Joe Craig (footballer)

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Joe Craig
Personal information
Full name Joseph Craig[1]
Date of birth (1954-05-14) 14 May 1954 (age 60)
Place of birth Bridge of Allan, Stirlingshire, Scotland
Height 5 ft 9 in (1.75 m)
Playing position Striker
Senior career*
Years Team Apps (Gls)
1971-1972 Sauchie
1972-1976 Partick Thistle 112 (44)
1976-1978 Celtic 55 (23)
1978-1981 Blackburn Rovers 48 (8)
1981-1983 Hamilton Academical 54 (14)
National team
1976 Scottish League XI[2] 1 (0)
1977 Scotland[1] 1 (1)
Teams managed
1985-1987 Cowdenbeath
* Senior club appearances and goals counted for the domestic league only.
† Appearances (Goals).

Joseph "Joe" Craig (born 14 May 1954 in Bridge of Allan, Stirlingshire) is a former Scottish footballer who played for Sauchie, Partick Thistle, Celtic, Blackburn Rovers, Hamilton Academical and the Scotland national team.

Craig, a striker, joined Partick Thistle in 1972 from Sauchie Juniors. After an impressive start, scoring seven goals in his first twenty games, he attracted the attention of Liverpool FC's Bill Shankly who watched him in Scottish Cup action against Dumbarton on 28 February 1973 but didn't follow it up with a bid.[3]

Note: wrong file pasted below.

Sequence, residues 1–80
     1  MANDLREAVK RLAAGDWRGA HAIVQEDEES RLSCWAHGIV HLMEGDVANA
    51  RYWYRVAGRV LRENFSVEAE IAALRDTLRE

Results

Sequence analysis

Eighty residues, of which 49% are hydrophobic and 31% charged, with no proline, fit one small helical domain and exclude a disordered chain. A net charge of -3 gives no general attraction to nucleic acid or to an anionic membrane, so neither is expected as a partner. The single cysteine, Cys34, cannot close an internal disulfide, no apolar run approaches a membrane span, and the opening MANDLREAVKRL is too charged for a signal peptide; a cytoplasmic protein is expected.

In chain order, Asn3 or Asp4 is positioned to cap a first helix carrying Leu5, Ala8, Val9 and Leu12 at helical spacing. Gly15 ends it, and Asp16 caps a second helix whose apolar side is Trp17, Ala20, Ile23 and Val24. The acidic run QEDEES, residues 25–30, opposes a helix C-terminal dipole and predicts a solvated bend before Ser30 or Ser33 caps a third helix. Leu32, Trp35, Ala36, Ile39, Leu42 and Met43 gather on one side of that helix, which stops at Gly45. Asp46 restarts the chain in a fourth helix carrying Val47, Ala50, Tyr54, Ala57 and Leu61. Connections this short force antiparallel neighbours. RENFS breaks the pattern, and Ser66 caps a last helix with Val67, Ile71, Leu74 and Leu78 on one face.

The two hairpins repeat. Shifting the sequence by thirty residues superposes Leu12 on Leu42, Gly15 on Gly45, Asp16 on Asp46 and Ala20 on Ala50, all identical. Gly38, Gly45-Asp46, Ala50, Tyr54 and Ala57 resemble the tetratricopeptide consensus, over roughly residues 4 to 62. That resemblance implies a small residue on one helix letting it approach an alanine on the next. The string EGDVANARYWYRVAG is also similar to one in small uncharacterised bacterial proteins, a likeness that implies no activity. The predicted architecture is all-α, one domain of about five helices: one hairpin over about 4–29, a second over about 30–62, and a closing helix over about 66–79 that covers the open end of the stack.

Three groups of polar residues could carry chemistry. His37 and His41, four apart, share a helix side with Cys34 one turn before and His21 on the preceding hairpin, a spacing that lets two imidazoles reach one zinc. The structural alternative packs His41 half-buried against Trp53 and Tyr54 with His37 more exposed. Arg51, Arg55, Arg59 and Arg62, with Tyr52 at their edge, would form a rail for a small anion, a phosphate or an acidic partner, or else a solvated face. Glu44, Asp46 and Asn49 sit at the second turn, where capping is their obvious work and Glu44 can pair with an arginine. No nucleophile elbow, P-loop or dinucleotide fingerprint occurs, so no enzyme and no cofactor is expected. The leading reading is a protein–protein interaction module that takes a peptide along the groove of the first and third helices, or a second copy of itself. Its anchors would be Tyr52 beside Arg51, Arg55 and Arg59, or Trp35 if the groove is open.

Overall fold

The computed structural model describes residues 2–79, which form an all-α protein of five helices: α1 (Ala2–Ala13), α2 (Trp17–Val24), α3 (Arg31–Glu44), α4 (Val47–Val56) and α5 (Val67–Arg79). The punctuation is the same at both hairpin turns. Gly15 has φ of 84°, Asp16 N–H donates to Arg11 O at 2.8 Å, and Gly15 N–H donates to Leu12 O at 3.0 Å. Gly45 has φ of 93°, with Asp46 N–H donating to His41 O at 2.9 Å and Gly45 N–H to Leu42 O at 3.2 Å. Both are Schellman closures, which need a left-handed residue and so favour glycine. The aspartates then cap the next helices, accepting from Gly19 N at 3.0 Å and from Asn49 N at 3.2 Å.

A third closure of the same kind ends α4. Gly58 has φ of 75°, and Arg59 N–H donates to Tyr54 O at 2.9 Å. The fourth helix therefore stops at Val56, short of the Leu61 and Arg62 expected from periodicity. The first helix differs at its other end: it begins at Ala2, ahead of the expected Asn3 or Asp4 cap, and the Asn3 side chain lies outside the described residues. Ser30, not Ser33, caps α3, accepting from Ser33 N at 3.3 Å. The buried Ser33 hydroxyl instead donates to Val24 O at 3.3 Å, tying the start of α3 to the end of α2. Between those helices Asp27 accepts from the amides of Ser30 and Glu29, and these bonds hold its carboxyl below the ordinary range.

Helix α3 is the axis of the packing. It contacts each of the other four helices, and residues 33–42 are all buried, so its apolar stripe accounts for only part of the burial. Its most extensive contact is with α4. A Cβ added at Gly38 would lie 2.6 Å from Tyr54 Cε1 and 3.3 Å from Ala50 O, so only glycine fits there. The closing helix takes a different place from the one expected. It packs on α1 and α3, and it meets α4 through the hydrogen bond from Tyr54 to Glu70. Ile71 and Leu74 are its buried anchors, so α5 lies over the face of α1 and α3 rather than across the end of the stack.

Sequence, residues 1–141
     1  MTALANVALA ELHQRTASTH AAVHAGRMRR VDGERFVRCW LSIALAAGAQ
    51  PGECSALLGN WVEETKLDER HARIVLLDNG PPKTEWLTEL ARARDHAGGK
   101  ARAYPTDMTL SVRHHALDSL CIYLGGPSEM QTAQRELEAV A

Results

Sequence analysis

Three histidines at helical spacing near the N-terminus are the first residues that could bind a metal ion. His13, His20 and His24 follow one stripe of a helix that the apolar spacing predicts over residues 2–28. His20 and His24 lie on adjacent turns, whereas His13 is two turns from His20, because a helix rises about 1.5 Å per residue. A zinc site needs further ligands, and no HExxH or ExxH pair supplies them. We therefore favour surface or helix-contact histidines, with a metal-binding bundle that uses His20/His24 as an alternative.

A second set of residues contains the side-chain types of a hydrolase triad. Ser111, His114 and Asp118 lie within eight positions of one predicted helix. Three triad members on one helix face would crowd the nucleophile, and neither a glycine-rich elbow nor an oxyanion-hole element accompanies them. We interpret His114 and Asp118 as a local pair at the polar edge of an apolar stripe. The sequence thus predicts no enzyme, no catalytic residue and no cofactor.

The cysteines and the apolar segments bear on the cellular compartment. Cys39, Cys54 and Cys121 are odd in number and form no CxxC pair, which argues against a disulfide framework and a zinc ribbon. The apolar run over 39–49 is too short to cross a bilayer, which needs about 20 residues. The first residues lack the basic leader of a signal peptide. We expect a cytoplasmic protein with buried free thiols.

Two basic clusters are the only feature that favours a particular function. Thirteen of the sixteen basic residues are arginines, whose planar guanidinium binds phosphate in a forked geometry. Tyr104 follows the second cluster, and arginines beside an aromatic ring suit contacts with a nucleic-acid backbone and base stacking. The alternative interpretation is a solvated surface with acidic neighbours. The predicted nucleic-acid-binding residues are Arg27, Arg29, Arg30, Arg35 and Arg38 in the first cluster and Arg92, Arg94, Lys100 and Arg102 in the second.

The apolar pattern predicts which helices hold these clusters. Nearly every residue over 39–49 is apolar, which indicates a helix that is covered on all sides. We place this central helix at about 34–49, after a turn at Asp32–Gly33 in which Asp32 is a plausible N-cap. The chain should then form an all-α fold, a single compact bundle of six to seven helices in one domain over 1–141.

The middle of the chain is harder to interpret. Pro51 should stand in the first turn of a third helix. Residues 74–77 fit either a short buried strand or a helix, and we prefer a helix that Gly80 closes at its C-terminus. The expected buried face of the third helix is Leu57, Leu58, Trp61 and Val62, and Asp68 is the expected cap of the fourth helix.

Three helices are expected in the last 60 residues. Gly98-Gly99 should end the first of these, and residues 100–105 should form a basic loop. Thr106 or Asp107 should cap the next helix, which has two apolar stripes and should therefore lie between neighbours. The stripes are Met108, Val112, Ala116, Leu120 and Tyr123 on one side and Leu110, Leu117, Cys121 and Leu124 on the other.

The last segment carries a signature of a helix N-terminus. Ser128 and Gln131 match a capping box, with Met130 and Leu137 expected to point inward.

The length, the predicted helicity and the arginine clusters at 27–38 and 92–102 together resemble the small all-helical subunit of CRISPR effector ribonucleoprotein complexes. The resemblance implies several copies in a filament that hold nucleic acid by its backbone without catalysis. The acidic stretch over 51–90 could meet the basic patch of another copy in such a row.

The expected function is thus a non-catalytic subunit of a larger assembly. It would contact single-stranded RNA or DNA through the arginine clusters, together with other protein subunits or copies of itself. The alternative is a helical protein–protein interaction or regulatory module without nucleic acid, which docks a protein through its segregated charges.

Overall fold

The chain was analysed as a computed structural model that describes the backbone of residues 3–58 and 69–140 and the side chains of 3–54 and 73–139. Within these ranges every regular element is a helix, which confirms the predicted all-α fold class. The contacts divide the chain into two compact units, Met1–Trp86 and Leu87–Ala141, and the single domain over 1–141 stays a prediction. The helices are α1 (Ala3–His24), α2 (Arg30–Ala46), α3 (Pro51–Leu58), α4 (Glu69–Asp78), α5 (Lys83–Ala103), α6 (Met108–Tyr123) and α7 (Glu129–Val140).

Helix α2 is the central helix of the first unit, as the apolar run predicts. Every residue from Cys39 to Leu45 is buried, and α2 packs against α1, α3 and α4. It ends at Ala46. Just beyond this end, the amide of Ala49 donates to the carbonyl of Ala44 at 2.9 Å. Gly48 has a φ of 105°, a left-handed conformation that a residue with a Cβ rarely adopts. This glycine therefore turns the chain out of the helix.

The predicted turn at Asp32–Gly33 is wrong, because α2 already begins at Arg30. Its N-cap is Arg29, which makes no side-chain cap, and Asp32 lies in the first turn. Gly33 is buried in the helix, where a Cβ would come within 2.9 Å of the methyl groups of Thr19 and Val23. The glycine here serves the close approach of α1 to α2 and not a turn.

He helped the club to the First Division title in season 1975-76. He signed for Celtic in September 1976 for £60,000 where he won the Scottish Cup and League Championship in his first season. He moved to Blackburn Rovers in September 1978 where he remained until 1981 when he joined Hamilton Academical. He retired in 1983.

Whilst at Celtic, he earned his only international cap against Sweden in April 1977. He started the match as a substitute and came on after 75 minutes and famously scored before having even kicked the ball, scoring a header just two minutes after replacing Kenny Burns.

After his playing career, he managed Cowdenbeath for three years and later had coaching spells at Armadale Thistle and Airdrieonians. His son Steven is also a professional footballer who plays for Partick Thistle.

References[edit]

  1. ^ a b "Joseph Craig". Londonhearts.com. London Hearts Supporters' Club. Retrieved 26 February 2010. 
  2. ^ "Joe Craig". Londonhearts.com. London Hearts Supporters' Club. Retrieved 18 December 2011. 
  3. ^ Liverpool Echo 1 March 1973